Date of Award

11-20-2009

Degree Type

Dissertation

Degree Name

Doctor of Philosophy (PhD)

Department

Educational Psychology and Special Education

First Advisor

Dennis Thompson, Ph.D. - Committee Chair

Second Advisor

Brian Williams, Ph.D. - Committee Member

Third Advisor

Daphne Greenberg, Ph.D. - Committee Member

Fourth Advisor

Layli Phillips, Ph.D. - Committee Member

Abstract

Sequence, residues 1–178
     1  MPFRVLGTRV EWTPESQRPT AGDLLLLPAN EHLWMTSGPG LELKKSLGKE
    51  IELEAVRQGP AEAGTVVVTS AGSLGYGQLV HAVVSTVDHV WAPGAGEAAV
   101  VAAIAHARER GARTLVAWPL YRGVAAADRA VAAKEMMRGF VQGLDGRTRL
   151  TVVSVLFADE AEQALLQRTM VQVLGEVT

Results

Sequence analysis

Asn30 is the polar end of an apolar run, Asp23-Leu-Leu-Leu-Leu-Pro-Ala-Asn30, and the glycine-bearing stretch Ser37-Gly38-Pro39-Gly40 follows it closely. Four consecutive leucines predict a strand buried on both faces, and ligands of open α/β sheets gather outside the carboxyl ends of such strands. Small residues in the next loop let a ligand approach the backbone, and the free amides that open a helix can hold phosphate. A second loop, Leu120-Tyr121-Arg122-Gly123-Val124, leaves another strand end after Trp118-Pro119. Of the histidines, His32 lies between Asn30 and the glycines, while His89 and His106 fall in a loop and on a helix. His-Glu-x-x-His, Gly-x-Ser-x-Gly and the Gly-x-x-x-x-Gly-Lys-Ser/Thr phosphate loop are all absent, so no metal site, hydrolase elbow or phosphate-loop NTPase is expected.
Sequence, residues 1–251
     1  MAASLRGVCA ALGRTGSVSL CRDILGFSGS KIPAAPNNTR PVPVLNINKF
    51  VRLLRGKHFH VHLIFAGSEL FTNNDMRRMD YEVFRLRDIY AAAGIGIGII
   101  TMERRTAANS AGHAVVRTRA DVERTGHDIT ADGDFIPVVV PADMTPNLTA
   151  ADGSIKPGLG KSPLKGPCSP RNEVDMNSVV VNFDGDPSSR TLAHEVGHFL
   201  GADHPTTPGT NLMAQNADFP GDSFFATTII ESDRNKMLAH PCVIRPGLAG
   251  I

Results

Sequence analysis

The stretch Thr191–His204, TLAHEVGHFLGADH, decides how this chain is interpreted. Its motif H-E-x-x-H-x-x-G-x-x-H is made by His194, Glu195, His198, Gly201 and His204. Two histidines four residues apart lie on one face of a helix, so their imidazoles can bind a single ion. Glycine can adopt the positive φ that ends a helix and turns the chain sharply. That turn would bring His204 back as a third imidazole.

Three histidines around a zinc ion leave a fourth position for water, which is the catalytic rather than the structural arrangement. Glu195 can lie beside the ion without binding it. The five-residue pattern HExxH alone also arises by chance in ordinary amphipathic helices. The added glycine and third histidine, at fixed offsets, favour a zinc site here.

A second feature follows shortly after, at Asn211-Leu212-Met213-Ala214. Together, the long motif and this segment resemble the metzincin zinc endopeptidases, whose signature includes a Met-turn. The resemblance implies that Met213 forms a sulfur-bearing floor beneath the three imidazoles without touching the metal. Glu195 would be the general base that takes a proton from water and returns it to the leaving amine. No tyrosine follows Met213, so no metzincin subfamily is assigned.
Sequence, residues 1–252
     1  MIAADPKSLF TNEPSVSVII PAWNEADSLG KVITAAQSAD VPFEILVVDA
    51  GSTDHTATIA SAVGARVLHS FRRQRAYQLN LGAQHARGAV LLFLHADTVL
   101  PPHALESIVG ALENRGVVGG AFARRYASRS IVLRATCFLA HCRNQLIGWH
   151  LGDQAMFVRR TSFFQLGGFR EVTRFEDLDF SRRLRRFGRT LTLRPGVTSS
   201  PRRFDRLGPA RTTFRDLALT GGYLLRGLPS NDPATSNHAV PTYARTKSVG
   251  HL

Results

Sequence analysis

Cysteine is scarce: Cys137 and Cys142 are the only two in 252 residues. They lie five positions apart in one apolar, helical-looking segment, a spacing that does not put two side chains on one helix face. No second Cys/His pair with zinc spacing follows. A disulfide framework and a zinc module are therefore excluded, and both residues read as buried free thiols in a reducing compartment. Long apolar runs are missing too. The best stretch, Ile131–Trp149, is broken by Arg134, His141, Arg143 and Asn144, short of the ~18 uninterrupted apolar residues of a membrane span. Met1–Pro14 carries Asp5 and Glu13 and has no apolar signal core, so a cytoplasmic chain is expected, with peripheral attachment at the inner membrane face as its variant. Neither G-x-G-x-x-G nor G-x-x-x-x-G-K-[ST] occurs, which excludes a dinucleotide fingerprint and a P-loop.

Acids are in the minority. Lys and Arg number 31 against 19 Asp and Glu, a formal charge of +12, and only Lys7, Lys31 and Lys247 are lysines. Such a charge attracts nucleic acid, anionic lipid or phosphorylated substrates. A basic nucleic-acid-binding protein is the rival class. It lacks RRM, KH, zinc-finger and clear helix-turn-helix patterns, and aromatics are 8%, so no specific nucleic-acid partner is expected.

African American women compose a critical proportion of the potential science, technology, engineering, and mathematics (STEM) workforce of the future, yet are disproportionately represented and largely underutilized. While various programs and initiatives have been designed and implemented to target women and underrepresented minorities, the voices and experiences of African American women have been insufficiently heard or studied. This study investigates the experiences of four African American female students who participated in a 10-week undergraduate research experience (URE) program designed for the recruitment and retention of women and underrepresented minorities in STEM disciplines. Through autobiographical narratives and interviews participants shared how and in what ways the URE program influenced their career development (namely academic/career interests and choices), what they learned about their interests and choices, and what it means to them to be African American women pursuing science-related careers. Using a qualitative case study analysis, this study focuses on the unique stories of young African-American women participating in their own career development. Seven major themes emerged from the analysis of the data. Each of the participants initially entered the URE with an established interest in science, with an expressed desire for research experience, and with an interest in exploring career options in science. Through their involvement in the URE program, participants experienced a significant increase in self-knowledge and confidence, recognized the existence of social and/or science communities, and either discovered or clarified career interests and possibilities. All participants recognized value in their participation and expressed gratitude for having had the opportunity. Overall, the URE program provided a vital opportunity for participants to play an active role in their own career development. The results of this study emphasize the importance of and need to expand the URE as an avenue for career development and exploration in order to address the lack of such programming for African American women in STEM disciplines.

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